In A Single-Molecule Layer, Water Can Act Like Neither Solid Nor Liquid


Even though we may believe we understand how water behaves, we have been ignoring what happens when it enters places that are only one molecule thick. In comparison to water in bulk, the results turn out to be considerably different.

When the solid, liquid, and gas phases of water come into contact, icebergs can form. However, there is a lot more going on that we cannot see, including multiple phases of matter that can only exist in extremely abrasive environments. As scientists discover new techniques to alter and measure matter, we typically find more of these.

The most recent instances happen when water is locked in an environment where it forms a sheet just one molecule thick, at which time many phases can coexist simultaneously. Not all of them need to be created under extreme pressure or energy, in contrast to several other phases of matter. The difficulty was instead in observing their behaviour and comprehending the structures, a topic that has recently been covered in a research that was published in Nature.

Dr. Venkat Kapil of the University of Cambridge and colleagues used computational modelling to discover that water forms a phase that resembles bulk ice at low pressure, with molecules organised in a hexagonal pattern and a melting point that is roughly 100° C lower than the three-dimensional version.

The molecules rearrange themselves into pentagonal and then rhombic shapes as pressure or temperature rises. The water enters what the authors refer to as the "hexatic" phase at pressures they refer to as "intermediate" (about 8,000 atmospheres). When temperatures rise above roughly 70°C (158°F), water behaves in a manner that is halfway between solid and liquid, with fixed but revolving molecules.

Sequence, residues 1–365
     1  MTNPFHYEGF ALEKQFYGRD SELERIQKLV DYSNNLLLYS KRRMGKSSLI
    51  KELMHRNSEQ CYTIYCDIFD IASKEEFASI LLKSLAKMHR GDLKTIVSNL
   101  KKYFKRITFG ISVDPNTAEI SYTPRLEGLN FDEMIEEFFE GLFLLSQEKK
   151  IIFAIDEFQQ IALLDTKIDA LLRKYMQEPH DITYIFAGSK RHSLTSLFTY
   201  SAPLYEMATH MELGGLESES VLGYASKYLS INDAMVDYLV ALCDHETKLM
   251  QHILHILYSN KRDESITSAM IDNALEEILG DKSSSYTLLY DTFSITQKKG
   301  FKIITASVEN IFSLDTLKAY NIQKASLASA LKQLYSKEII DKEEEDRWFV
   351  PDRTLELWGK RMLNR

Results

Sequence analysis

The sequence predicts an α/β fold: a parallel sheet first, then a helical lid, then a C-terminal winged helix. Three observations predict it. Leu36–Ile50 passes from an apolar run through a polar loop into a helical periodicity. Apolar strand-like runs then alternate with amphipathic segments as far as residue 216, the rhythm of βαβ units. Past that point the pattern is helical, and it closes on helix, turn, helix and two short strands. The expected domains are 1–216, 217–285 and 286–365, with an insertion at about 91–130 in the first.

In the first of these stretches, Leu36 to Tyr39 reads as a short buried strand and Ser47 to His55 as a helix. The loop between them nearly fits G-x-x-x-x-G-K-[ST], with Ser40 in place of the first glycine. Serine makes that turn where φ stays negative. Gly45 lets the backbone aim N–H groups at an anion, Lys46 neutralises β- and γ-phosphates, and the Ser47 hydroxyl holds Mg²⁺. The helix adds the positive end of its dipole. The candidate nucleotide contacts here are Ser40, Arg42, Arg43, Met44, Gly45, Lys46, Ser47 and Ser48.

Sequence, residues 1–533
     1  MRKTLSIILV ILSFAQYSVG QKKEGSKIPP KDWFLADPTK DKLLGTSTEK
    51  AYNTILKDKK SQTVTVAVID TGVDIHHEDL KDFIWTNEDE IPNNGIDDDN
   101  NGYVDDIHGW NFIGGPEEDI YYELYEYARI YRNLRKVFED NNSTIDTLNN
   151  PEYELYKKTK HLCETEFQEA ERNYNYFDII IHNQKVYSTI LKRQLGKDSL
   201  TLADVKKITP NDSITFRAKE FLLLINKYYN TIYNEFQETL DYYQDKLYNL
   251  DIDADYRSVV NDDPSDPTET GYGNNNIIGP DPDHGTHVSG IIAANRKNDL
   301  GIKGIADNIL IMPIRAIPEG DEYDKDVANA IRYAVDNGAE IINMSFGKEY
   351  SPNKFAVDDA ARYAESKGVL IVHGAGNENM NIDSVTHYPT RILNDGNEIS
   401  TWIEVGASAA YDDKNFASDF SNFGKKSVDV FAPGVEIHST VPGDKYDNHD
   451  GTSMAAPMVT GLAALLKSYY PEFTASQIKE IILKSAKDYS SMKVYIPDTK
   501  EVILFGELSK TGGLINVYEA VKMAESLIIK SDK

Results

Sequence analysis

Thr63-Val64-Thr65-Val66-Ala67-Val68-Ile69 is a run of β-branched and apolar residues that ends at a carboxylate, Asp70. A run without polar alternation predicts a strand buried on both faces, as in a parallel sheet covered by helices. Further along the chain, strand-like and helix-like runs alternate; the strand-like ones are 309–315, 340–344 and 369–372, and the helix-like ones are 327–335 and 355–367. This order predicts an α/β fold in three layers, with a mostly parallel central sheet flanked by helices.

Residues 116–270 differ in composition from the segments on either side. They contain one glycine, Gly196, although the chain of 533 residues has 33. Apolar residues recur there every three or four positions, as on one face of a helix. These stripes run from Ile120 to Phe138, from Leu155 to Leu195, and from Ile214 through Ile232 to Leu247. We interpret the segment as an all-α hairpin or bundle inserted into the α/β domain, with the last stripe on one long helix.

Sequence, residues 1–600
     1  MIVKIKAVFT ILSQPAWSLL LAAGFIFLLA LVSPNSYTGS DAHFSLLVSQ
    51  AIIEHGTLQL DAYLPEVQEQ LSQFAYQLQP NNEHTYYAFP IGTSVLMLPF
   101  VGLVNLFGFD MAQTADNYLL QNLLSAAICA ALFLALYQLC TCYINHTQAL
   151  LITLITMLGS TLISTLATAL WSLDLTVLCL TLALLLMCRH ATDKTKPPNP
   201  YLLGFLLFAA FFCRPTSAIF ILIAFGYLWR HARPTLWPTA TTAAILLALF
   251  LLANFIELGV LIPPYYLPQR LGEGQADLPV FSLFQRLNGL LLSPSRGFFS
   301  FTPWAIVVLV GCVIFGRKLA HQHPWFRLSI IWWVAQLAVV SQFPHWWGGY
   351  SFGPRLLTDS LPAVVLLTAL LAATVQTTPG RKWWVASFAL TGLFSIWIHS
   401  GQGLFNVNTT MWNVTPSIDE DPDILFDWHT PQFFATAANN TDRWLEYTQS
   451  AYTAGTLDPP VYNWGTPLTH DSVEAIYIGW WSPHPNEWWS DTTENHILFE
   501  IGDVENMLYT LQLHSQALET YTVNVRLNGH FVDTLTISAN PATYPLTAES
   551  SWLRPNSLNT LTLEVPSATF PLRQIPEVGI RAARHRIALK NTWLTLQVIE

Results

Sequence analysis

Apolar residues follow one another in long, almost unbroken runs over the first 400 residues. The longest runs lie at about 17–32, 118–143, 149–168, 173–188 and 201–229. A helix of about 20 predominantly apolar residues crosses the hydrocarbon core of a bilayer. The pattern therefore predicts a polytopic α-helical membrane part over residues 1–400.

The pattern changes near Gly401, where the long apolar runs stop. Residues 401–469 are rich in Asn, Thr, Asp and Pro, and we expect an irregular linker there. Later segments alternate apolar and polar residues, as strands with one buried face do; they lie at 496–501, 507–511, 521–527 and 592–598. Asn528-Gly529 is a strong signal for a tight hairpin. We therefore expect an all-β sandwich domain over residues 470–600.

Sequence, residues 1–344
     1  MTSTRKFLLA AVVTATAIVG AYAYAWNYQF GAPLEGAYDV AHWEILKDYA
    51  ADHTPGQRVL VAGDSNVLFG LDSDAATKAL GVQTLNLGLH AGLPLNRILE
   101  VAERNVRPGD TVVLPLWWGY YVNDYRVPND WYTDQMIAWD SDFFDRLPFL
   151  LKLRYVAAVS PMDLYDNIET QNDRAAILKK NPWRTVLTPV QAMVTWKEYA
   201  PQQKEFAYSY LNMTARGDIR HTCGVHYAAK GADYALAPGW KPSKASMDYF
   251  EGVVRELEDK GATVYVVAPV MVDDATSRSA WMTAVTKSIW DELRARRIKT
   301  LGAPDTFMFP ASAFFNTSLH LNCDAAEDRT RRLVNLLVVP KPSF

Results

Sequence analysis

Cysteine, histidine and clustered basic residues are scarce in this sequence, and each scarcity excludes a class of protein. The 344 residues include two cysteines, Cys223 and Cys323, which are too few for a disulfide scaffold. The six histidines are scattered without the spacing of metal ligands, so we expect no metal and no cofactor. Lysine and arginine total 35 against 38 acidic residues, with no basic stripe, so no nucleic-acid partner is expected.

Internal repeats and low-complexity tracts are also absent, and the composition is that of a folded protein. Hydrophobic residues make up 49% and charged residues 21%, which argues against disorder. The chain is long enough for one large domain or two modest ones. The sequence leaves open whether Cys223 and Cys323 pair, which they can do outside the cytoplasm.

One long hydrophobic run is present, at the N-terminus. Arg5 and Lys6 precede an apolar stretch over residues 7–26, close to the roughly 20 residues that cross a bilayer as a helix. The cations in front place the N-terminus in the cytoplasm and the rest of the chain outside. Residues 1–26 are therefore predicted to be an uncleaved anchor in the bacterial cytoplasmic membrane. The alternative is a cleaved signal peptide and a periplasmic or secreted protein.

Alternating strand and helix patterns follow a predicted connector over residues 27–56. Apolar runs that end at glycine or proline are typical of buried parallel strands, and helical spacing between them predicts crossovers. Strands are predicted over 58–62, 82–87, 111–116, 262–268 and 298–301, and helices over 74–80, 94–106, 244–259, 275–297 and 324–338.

The water turns superionic when the pressure rises further. It is very electrically conductive but resembles ice more than water. However, neither protons nor electrons carry the current. Superionic phases can also exist in bulk water, however doing so requires much greater pressures.

It's not always the case that other phases of matter, like those that form at extremely low temperatures or under intense pressure, are more interesting to study than useful. All kinds of porous materials have tiny spaces, and whether or not we need membranes, single-molecule thick layers can form between them.

When there aren't enough room inside for bulk water, the authors claim our own bodies contain some of these phases, and their response may have an impact on how well medical treatments work. Water has also been a component of water desalination and battery projects for a long time, but we haven't known how it affects productivity.

Understanding how water behaves is the fundamental question in all of these fields, according to Kapil. "With unparalleled prediction precision, our method enables the analysis of a single layer of water in a graphene-like channel."

The authors note that the hexatic phase behaviour is mostly consistent with earlier hypotheses, while the superionic pushes us further into the unknown.

One way to think of this phase is that oxygen atoms form a solid lattice, and protons flow like a liquid through the lattice, like children running through a maze, said Kapil. "The existence of the superionic phase at easily accessible conditions is peculiar, as this phase is generally found in extreme conditions like the core of Uranus and Neptune," he said.

The authors want to enhance battery architecture by taking advantage of the superionic phase's excellent conductivity.


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